"The little things? The little moments? They aren't little." -- Jon Kabat-Zinn
Recently I went to the Thrive conference. This two-day event featured conversations with influencers and luminaries on topics related to the four pillars of Arianna Huffington's Third Metric: well-being, wisdom, wonder and giving.
It was unlike any conference I had ever attended. It was more like hanging out with friends than being at a professional event. Mika Brzezinski and Arianna Huffington, the hosts, laughed and giggled most of the time. They had a bed on stage and hung out on it, they sat on the sofa with their legs up and half the time, Mika walked around the stage with no shoes on.
There was music, awesome music (Miri Ben-Ari is a goddess), yoga and meditation. The speakers were incredibly inspirational and honest. Speakers like Adam Grant, Dani Shapiro, Ellen Goodman (with whom I shared a lovely lunch) Brad Mettzer, Julianne Moore, Jon Kabot-Zinn, Katie Couric, Kenneth Cole, Alanis Morissette, Tory Burch, Andy Puddicombe and Ali Wentworth (who was amazing, and I hope she will have a one-woman show). People spoke with authenticity about their struggles to thrive and how they found their successes.
I have been trying to live a life based on the Third Metric pillars for many years, but I am not sure I had ever realized my exact wake-up call. In the swag bag, I found a piece of paper that asked, "What was your wake-up call?" Arianna shared her wake-up call -- passing out from exhaustion. Mika's happened when she felt disconnected from her life. I started to wonder about my own wake-up call, and then I remembered it happened a few years ago.
It was a hot summer day in New York City. If you have been to NYC, you know summer is sticky business here. With eight million people, the heat and humidity can make anyone grumpy. I used to rush then -- all the time. I'd rush to meetings and rush to appointments. I don't like being late, but I did not give myself enough time between appointments, especially those that were across town. My city days were stressful; I work and live in New Jersey, but most of my clients are in the city.
Don't get me wrong, New York is my favorite city. I've had a love affair with this city from the first night I landed in America. I was 12 years old when I saw the skyline for the first time, and I was instantly hooked. Nevertheless, NYC can be a stressful city. There is an energy here... a frenetic pace. There is no time or room for slowing down or reflecting. Every time I got off the train, I began rushing.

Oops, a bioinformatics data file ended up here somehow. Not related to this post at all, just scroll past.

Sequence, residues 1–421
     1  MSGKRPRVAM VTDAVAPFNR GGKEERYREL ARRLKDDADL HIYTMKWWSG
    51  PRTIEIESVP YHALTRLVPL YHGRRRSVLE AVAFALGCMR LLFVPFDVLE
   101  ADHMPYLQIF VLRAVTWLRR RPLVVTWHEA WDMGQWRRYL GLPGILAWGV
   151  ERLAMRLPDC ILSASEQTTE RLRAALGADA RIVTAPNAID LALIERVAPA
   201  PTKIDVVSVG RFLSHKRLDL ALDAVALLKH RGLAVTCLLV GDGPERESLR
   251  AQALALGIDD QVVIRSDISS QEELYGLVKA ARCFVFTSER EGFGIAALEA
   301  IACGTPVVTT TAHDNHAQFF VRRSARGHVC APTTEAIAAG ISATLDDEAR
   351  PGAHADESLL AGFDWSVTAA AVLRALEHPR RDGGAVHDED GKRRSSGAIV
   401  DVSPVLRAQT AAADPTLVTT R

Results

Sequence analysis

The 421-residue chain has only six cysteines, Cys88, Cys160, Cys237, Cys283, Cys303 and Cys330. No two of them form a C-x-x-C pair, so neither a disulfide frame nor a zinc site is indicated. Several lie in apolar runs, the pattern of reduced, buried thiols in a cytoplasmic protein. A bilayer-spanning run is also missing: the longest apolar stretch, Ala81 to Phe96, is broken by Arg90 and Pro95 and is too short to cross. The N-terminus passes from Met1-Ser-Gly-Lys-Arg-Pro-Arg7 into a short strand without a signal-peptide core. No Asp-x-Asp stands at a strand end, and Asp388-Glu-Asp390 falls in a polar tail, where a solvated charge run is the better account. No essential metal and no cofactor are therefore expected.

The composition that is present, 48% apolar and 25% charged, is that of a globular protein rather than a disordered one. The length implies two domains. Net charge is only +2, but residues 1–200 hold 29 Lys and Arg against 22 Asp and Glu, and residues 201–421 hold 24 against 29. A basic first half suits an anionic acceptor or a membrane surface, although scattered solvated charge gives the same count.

One hot summer day, after a long day of rushing, I was at Penn Station to catch my train to New Jersey. When I got to the station, I had exactly six minutes to make the train. "Six minutes is plenty of time," I told myself. I began to run, zig-zagging through rush-hour crowds to find my way to the train. I got down to the platform, and the train was still there. I had a minute before they pulled out, so I began to run, and just then, I tripped and fell (full-on fell) face down on the platform -- the dirty Penn Station platform. I scraped my hands and knees, and the conductor saw me and came to help. He got me up and on the train, and people were very kind; I got a seat, but I was embarrassed as people looked at me with sympathy.
I looked at my sorry self and wondered why I was in such a rush. The next train was just 20 minutes away. This was not the last train out of a war zone. I am not even sure why I had to be on this train. I was just in the zone. The rushing-for-no-reason zone.
It was a long, reflective train ride. I made some promises to myself and made some permanent changes in my life on that train ride:
1. I would never rush for a train again. I would simply get to the station and wait for the next train. Period. I've kept this promise.
2. I would give myself one hour between appointments. I know that sounds crazy, but by giving myself tons of time, I made fewer appointments and didn't have to rush to get to each of them. I have kept this promise, too. Often, I have time to grab a chai latte and relax before the next meeting.
3. Don't wear a watch. I started setting alarms on my phone to remind myself of my next appointment. Because my phone reminded me, I didn't have to look at my watch or the phone every five minutes. During Thrive, Jon Kabot-Zinn said he hangs a sign on the clock during his retreats that says: NOW. Hearing that validated my decision to not wear a watch.
Since then, I also have learned about the difference between Kairos and Chronos time. From Wikipedia: "Kairos (καιρός) is an ancient Greek word meaning the right or opportune moment (the supreme moment). The ancient Greeks had two words for time, chronos and kairos. While the former refers to chronological or sequential time, the latter signifies a time lapse, a moment of indeterminate time in which everything happens."
I decided to live in Kairos time as much as possible. When we are mindful, when we are engaged with our passions, when we are meditating, when we are alert, when we are present for each other, we are in Kairos time. The watch keeps us in Chronos time.
I am grateful for my wake-up call. Now when I am at Penn Station and I see people running and whizzing by me, I wish I could stop them and tell them about my discovery -- life is so much sweeter lived slowly. But I know we all must come to that conclusion in our own time. The commitment to not just succeed but thrive is a personal choice, and the time often comes after a wake-up call.
What was your wake-up call?
Fauzia Burke is the Founder and President of FSB Associates, a digital publicity and marketing firm specializing in creating awareness for books and authors. For online publicity, book publishing and social media news, follow Fauzia on Twitter: @FauziaBurke. To talk with FSB and ask your book publicity questions, please join us on Facebook.